The Future Is What It Used to Be
Long ago, New York Yankee catcher and later manager Yogi Berra summed up what was to come this way: “The future ain’t what it used to be.” And it wasn’t. We used to dream, for example, of flying cars, personal jetpacks, liberating robots, and oodles of leisure time. We even dreamed of mind-bending trips to Jupiter, as in Stanley Kubrick’s epic film 2001: A Space Odyssey. Like so much else we imagined, those dreams haven’t exactly panned out.
Yet here’s an exception to Berra’s wisdom: strangely enough, for the U.S. military, the future is predictably just what it used to be. After all, the latest futuristic vision of America’s military leaders is — hold onto your Kevlar helmets — a “new” cold war with its former communist rivals Russia and China. And let’s add in one other aspect of that military’s future vision: wars, as they see it, are going to be fought and settled with modernized (and ever more expensive) versions of the same old weapons systems that carried us through much of the mid-twentieth century: ever more pricey aircraft carriers, tanks, and top of the line jet fighters and bombers with — hey! — maybe a few thoroughly destabilizing tactical nukes thrown in, along with plenty of updated missiles carried by planes of an ever more “stealthy” and far more expensive variety. Think: the F-35 fighter, the most expensive weapons system in history (so far) and the B-21 bomber.
For such a future, of course, today’s military hardly needs to change at all, or so our generals and admirals argue. For example, yet more ships will, of course, be needed. The Navy high command is already clamoring for 355 of them, while complaining that the record-setting $738 billion Pentagon budget for 2020 is too “tight” to support such a fleet.
Not to be outdone when it comes to complaints about “tight” budgets, the Air Force is arguing vociferously that it needs yet more billions to build a “fleet” of planes that can wage two major wars at once. Meanwhile, the Army is typically lobbying for a new armored personnel carrier (to replace the M2 Bradley) that’s so esoteric insiders joke it will have to be made of “unobtainium.”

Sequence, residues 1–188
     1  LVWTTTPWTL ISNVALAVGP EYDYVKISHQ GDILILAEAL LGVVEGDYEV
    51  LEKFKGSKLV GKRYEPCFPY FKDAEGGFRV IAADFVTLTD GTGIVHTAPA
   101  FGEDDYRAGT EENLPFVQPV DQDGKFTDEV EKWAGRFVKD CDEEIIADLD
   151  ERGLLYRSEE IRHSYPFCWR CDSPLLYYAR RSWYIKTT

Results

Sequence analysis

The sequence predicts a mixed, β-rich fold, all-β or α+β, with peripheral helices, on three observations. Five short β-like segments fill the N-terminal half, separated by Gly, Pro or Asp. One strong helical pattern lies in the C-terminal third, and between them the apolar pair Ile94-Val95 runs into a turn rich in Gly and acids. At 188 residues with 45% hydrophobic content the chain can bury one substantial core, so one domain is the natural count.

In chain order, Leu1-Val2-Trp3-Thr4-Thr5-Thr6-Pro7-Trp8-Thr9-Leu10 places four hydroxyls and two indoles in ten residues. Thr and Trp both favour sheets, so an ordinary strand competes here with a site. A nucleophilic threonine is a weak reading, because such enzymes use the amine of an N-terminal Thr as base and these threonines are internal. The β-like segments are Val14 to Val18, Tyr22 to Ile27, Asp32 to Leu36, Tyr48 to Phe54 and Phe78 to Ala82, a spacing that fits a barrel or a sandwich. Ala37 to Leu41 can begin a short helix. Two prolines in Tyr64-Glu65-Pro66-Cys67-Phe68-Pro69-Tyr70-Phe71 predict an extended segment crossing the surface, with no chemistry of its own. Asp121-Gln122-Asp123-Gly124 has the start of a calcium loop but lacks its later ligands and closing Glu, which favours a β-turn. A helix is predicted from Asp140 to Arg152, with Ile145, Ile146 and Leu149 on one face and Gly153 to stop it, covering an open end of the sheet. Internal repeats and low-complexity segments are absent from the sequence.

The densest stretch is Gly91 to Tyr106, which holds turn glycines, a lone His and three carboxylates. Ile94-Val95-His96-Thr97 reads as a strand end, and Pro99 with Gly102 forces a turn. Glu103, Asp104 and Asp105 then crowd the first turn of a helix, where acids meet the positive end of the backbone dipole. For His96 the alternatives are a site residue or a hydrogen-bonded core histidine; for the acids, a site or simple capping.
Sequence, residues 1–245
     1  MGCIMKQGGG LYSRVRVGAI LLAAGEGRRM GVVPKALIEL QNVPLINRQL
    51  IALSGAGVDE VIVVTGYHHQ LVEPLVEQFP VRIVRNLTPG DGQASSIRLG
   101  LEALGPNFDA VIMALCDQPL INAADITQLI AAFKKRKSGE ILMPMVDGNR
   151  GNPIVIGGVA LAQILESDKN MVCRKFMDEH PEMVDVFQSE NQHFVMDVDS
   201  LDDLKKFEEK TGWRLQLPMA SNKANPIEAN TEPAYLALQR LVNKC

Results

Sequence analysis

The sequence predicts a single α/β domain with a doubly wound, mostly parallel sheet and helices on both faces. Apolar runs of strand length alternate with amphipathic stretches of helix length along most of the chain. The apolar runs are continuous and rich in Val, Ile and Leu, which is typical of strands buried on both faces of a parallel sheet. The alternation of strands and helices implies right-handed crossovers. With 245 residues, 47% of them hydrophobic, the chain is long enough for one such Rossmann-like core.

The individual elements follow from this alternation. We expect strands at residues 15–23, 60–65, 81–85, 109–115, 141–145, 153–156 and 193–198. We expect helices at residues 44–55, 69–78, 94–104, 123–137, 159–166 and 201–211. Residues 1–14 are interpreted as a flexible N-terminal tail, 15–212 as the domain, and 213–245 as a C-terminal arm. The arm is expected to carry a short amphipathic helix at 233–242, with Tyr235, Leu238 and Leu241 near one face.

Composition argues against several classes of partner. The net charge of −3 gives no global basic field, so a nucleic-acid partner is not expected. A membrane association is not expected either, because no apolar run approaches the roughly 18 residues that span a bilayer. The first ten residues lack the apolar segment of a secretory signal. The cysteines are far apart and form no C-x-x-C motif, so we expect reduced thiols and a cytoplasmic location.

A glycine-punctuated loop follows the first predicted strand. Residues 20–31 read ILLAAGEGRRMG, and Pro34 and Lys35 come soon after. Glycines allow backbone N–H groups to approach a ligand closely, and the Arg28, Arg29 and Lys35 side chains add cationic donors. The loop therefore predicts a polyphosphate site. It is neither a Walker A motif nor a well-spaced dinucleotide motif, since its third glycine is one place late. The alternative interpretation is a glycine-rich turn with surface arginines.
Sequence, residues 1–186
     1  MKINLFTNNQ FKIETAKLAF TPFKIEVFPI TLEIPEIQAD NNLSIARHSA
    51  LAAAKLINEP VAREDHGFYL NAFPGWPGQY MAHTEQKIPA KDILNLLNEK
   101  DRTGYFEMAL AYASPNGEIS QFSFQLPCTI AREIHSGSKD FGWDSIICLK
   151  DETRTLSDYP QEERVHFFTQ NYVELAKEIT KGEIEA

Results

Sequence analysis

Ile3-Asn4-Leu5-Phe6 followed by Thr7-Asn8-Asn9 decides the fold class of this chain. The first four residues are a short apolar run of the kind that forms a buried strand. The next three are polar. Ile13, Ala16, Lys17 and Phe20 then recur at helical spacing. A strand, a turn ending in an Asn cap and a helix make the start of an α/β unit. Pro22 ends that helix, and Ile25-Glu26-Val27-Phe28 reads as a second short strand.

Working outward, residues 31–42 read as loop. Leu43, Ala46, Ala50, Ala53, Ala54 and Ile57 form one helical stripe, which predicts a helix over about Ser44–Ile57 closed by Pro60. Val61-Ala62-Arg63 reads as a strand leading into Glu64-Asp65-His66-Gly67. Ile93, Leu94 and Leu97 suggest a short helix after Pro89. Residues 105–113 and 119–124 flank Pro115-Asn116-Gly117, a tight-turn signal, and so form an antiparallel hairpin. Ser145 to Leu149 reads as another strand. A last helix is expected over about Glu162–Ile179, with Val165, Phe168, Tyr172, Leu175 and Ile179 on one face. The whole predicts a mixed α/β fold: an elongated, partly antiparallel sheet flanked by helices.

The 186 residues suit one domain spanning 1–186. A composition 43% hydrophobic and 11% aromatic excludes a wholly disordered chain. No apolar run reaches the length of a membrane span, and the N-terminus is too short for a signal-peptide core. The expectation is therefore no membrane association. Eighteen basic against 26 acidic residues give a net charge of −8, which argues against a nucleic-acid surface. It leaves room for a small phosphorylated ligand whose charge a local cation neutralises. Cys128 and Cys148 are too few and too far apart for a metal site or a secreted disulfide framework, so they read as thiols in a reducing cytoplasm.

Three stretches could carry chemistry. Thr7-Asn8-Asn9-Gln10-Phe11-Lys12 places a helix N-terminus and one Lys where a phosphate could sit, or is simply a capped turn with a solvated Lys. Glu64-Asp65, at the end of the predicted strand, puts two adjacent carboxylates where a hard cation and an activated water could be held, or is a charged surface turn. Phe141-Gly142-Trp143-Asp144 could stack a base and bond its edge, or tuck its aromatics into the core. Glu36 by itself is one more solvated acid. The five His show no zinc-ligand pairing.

In short, no matter how much money the Trump administration and Congress throw at the Pentagon, it’s a guarantee that the military high command will only complain that more is needed, including for nuclear weapons to the tune of possibly $1.7 trillion over 30 years. But doubling down on more of the same, after a record 75 years of non-victories (not to speak of outright losses), is more than stubbornness, more than grift. It’s obdurate stupidity.
Why, then, does it persist? The answer would have to be because this country doesn’t hold its failing military leaders accountable. Instead, it applauds them and promotes them, rewarding them when they retire with six-figure pensions, often augmented by cushy jobs with major defense contractors. Given such a system, why should America’s generals and admirals speak truth to power? They are power and they’ll keep harsh and unflattering truths to themselves, thank you very much, unless they’re leaked by heroes like Daniel Ellsberg during the Vietnam War and Chelsea Manning during the Iraq War, or pried from them via a lawsuit like the one by the Washington Post that recently led to those Afghanistan Papers.